Over-Functioning Can Decrease Our Happiness
Some examples of over-functioning would be:
- Saying yes when you want to say no
- Skipping your workout/exercise class to run an errand for someone else.
- Offering your limited free time to help someone outside of your home complete a household chore.
- Always being available to provide childcare/carpool for other families.
- Not requiring capable children to do family chores, i.e. laundry, dishes, dog care, cleaning tasks.
- Ignoring your internal resentment when you are constantly interrupted during your day
- Not setting boundaries to preserve your time and physical energy.
- Believing that it is easier to do it yourself than to wait for someone else to do it.
There is another potential reason it might be difficult for you to make the choice to allow happiness. It is called co-dependency, and it can be an invisible, yet rigid set of behaviors.
Co-dependency Can Affect Your Happiness
Sometimes behavior that is super focused on others is known as co-dependency. Usually a person who struggles with co-dependency has been raised in a home that had secrets, often hidden parental addictions or their parents were very unreliable. They learn to please others to stay safe and get their needs met.
Maybe you were raised in a family environment that had someone who needed extra attention or was very demanding. As a result, it feels normal to spend all your emotional energy trying to fix other people’s problems. Unfortunately, the long term result is that you have been trained to ignore your own emotional needs!
Fixing Other People’s Problems Helps You Ignore Your Problems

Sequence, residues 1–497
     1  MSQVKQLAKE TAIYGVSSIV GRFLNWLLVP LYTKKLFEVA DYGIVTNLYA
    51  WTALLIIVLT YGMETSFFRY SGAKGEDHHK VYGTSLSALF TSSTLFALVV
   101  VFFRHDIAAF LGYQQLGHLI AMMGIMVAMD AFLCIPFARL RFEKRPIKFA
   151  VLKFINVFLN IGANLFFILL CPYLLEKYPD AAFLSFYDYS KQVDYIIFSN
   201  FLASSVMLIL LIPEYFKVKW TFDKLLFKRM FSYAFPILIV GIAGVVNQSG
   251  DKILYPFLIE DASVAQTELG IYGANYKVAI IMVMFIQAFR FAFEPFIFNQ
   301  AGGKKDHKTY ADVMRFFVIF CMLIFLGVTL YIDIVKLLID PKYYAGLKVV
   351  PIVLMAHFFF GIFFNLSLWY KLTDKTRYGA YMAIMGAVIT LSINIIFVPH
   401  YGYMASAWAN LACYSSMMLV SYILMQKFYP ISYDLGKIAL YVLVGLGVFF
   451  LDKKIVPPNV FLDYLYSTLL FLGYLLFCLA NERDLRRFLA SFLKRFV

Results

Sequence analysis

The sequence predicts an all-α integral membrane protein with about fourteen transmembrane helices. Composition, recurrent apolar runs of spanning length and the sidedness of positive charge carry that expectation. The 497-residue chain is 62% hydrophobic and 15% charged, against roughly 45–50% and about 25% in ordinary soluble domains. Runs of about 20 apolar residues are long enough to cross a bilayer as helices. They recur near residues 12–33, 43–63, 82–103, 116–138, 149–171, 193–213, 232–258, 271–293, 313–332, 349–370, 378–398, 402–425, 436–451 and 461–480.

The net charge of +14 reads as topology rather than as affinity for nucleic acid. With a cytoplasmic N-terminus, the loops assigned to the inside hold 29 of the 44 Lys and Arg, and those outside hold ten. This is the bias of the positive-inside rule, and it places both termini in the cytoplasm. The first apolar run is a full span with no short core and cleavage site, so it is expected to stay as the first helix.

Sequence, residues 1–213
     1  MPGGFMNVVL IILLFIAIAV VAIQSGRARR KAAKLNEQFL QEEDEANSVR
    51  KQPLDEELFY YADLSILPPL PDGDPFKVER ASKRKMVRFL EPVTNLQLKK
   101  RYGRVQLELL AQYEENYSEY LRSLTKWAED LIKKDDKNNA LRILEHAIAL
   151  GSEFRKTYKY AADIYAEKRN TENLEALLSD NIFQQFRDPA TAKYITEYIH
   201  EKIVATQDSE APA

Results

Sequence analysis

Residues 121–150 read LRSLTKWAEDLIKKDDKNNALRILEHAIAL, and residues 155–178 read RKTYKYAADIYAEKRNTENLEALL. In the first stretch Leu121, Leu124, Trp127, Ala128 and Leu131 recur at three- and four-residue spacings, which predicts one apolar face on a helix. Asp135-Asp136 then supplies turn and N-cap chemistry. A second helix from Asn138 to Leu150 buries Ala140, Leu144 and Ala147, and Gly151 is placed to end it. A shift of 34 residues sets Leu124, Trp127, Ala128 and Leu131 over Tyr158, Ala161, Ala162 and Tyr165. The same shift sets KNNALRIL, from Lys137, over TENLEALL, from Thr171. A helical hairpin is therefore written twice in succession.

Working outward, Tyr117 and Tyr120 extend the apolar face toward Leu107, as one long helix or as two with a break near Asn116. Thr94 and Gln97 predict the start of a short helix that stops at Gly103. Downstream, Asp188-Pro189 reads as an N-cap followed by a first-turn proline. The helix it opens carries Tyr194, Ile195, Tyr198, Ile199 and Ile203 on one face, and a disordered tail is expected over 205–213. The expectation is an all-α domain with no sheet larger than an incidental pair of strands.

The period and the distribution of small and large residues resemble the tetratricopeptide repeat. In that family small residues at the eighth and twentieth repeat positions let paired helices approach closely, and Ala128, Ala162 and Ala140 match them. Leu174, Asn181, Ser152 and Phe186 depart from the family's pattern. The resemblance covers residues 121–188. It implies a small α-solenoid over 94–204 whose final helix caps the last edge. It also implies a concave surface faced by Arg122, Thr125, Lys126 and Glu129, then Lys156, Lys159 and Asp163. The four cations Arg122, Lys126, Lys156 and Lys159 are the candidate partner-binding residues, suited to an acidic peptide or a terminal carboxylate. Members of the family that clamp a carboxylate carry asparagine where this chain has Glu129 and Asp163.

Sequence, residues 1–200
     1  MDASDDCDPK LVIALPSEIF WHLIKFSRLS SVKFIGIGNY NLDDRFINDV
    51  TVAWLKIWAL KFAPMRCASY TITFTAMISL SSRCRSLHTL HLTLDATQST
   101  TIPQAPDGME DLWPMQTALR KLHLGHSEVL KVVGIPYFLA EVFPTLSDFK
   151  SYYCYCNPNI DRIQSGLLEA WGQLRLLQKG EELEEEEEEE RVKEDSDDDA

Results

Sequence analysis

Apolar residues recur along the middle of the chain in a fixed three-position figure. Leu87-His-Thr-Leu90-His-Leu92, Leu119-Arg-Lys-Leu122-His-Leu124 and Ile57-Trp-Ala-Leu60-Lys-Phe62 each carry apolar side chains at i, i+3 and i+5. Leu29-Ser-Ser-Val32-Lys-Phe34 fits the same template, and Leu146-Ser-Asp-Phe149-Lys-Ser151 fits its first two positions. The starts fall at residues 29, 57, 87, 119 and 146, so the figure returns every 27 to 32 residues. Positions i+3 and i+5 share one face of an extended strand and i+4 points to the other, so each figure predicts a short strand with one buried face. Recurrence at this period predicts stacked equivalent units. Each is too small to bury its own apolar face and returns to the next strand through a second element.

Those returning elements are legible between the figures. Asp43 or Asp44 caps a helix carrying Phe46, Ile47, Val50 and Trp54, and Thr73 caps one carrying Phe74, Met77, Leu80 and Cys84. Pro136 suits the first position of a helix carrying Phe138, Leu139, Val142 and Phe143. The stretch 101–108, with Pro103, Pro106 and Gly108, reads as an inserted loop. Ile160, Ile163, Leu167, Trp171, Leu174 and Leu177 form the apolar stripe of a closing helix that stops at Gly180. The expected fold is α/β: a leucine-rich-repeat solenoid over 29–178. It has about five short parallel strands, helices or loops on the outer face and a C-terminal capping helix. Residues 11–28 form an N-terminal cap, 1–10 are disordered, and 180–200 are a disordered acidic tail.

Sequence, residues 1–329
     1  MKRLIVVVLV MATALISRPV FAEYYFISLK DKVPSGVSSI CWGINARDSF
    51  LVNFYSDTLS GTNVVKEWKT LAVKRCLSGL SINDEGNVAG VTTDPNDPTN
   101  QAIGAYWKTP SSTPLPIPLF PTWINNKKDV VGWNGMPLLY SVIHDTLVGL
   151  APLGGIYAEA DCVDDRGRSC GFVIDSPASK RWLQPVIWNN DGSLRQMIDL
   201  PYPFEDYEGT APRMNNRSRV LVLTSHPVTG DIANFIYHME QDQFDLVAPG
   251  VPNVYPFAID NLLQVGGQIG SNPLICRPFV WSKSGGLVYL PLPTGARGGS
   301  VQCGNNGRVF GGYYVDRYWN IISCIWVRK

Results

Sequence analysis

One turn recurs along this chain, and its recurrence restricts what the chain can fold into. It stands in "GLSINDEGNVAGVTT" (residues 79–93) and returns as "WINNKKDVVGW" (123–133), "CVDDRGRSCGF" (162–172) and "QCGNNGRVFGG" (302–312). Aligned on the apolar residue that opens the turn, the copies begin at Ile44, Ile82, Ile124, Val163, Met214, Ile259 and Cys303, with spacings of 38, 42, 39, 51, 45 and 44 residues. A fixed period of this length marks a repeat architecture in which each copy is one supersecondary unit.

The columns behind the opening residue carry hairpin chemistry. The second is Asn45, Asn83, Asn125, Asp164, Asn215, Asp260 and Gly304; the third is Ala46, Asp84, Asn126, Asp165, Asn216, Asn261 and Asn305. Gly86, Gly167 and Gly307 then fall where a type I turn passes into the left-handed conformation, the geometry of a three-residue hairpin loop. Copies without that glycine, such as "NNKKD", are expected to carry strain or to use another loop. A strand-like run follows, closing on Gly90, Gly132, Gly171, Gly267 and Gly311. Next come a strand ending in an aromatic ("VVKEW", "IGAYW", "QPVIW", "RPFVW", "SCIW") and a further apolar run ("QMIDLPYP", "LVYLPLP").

The funny thing about co-dependency is that is “hides” out in the open. Behaviors that are intended to be helpful end up feeling controlling and at times, suffocating. It is very common for a co-dependent person to have a hidden desire to control how other people think about them.
Being overly helpful might be a subconscious attempt to avoid your own problems by helping to solve other folks’ problems. Often co-dependent people end up disconnected from their own problems, but very involved in the problems/solutions of those they care about.
Sometimes We Need To Support Other People
Is it possible that you are co-dependent? Sure, it’s possible. But it is much more likely, as a woman, you have absorbed the message that your highest function is to serve/help/support others.
Let’s be honest, there are times that the role of your highest self is to give time and energy for the betterment of others. Whether it’s our spouse, our elderly parents or maybe our children, sometimes our best energy is directed at helping those we love.
When you are in a balanced partnership, there will be seasons of extra giving and greater effort for both spouses. Seeking and creating balance in our families and professional life will require purposeful self-reflection and a commitment to self-growth.
You Can Find Happiness In Middle Age
As a woman, over-functioning for the sake of others can prevent you from focusing on your personal happiness.
Try the following suggestions to help you start your journey to your happy place!
How To Find Happiness Within
Despite what society, culture or social media may lead you to believe, happiness does not come from external sources. No matter how much money you make, how big your house is, or how many “likes” your latest post gets on social media, true and lasting happiness comes from within. So how can you take control of your own happiness?
Focus On What You Can Change
It’s easy to get overwhelmed by all the things in life that are out of our control—from the weather forecast to a boss who doesn’t appreciate us. When these external factors start to bring us down, it can be helpful to focus on the things we can actually change.